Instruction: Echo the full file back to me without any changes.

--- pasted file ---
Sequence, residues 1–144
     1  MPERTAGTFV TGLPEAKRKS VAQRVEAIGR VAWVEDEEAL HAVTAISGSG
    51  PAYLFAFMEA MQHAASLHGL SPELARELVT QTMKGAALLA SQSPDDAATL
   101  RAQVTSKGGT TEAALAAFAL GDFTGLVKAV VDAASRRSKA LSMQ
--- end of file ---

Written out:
Sequence, residues 1–144
     1  MPERTAGTFV TGLPEAKRKS VAQRVEAIGR VAWVEDEEAL HAVTAISGSG
    51  PAYLFAFMEA MQHAASLHGL SPELARELVT QTMKGAALLA SQSPDDAATL
   101  RAQVTSKGGT TEAALAAFAL GDFTGLVKAV VDAASRRSKA LSMQ